Naively unfamiliar with the work of such experts on the problem as Alonzo Church and Emil Post (“Let us praise the uncluttered mind”, said his colleague Robin Gandy — Dyson, 1997), Turing approached it in a typically original way. Drawing on his amateur interest in machinery, he addressed the question of what can be determined by a “mechanical procedure”, or “what is computable”, by imagining a “Universal Computing Machine” — the now-familiar “Turing machine” of the finite states (or “m-configurations”, as he called them) and the finite but unbounded length of tape, which is divided into squares, onto which can be written arbitrary symbols. He showed that this machine was so general that it was ultimately equivalent to the most complex computer (Dyson, 1997).

Turing published his famous paper, “On Computable Numbers, with an application to the Entscheidungproblem” in 1937, and succeeded in demonstrating that the Entscheidungproblem was unsolvable. Almost as a by-product, he had invented, at least conceptually, the modern computer. Not only did he provide a definition of computability that would survive at least the rest of the century, but he had introduced two fundamental assumptions that still underlie the computers we know today: discreteness of time, and discreteness of “state of mind”, or memory (Dyson, 1997). It was only a matter of time before people would begin to build computers that approximated Turing machines. In fact, von Neumann recognized the potential for practical applications of Turing’s ideas soon after “On Computable Numbers” had been published, when he and Turing were both at the Princeton Institute for Advanced Study (by this time, Gödel was at the Institute as well, although he seems to have been mostly unfamiliar with Turing) (Strathern, 1997).

There is a subtle irony here, in that Gödel’s theorem, which reinstated intuition as a critical aspect of mathematical thought, led directly to the creation of the greatest machines ever built — machines that before long would threaten human intelligence with an eerie Mechanistic intelligence of their own. It was only a little more than a decade after his proposal of the theoretical Universal Computing Machine that Alan Turing published his influential article “Computing Machinery and Intelligence” (the article in which he proposed the test we now call the Turing Test, the passing of which is the Holy Grail of Artificial Intelligence). By this time, Turing, von Neumann, and others had built and programmed computers, and had begun to recognize the magnitude of the revolution they had started. Turing’s article begins,
I propose to consider the question ‘Can machines think?’
He goes on to explore the meaning of this loaded question, and eventually dismisses it as meaningless. He continues, however, with the provocative statement, “Nevertheless, I believe that at the end of the century the use of words and general educated opinion will have altered so much hat one will be able to speak of machines thinking without expecting to be contradicted”, and then procedes to enumerate and to counter nine possible objections to his bold claim (Hofstadter, 1979). Although Turing’s views on Artificial Intelligence would never be straightforward — for example, he anticipated Artificial Life and genetic algorithms by postulating that true intelligence in machines would have to evolve, rather than to be designed (Dyson, 1997) — he placed himself, with this landmark article, clearly in the Mechanistic camp that believes Artificial Intelligence to be possible.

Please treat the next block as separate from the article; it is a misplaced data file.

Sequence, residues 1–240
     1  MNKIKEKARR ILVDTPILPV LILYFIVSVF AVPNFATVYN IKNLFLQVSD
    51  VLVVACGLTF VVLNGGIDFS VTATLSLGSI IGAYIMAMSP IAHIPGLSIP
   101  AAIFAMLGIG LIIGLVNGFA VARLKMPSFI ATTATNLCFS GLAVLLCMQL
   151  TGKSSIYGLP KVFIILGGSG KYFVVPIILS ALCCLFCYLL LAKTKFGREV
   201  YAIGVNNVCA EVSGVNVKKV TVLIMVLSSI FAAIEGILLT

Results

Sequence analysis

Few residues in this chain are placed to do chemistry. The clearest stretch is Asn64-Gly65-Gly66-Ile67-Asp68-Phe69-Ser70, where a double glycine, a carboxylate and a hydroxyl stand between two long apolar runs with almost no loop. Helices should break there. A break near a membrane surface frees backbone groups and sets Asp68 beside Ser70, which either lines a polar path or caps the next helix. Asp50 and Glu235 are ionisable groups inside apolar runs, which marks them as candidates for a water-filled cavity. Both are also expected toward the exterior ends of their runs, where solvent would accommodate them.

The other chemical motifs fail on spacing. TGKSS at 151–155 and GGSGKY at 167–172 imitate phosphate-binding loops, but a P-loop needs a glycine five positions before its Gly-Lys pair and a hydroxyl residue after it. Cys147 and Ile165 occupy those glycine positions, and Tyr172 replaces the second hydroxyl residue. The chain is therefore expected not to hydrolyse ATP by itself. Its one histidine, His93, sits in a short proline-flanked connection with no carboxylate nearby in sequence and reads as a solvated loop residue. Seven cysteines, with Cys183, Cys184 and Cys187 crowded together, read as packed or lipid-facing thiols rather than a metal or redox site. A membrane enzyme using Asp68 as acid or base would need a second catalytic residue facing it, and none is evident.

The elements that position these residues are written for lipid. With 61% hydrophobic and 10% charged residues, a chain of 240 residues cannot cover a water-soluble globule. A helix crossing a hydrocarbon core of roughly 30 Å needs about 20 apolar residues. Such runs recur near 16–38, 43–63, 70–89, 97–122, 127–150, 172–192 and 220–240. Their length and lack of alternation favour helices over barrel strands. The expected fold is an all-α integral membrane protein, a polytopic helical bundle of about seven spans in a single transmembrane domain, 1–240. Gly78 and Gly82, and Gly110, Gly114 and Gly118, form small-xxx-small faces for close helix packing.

## Guest Post

I came across this article (above) I think in the early 2000s.

The original had this on the title page

Mid-term paper for CS 451
October 19, 1999

Then as now I found it remarkable that an undergraduate paper was so insightful. In fact the thoughts expressed at CS history 0  probably got their first impetus from this article.

Reposted here with thanks to Dr. Adam Siepel

## References

1. Canaday, John, Mainstreams of Modern Art, Second Edition, Holt, Rinehart, and Winston, Inc., 1981.
2. Dahlbom, Bo and Lars Mathiassen, Computers in Context: The Philosophy and Practice of Systems Design, Blackwell Publishers, 1993.
3. Dyson, George B., Darwin Among the Machines: The Evolution of Global Intelligence, Perseus Books, 1997.
4. Hofstadter, Douglas R., Gödel, Escher, Bach: An Eternal Golden Braid, Vintage Books, 1979.
5. Pagels, Heinz R., The Dreams of Reason: The Computer and the Rise of the Sciences of Complexity, Bantam Books, 1989.
6. Rose, Steven, The Making of Memory: From Molecules to Mind, Anchor Books, Doubleday, 1992.
7. Strathern, Paul, The Big Idea: Turing and the Computer, Anchor Books, Doubleday, 1997.
8. Thorne, J. O., and T. C. Collocott, eds., Chambers Biographical Dictionary, Cambridge University Press, 1984.
9. Wilson, Edward O., Consilience: The Unity of Knowledge, Vintage Books, 1998.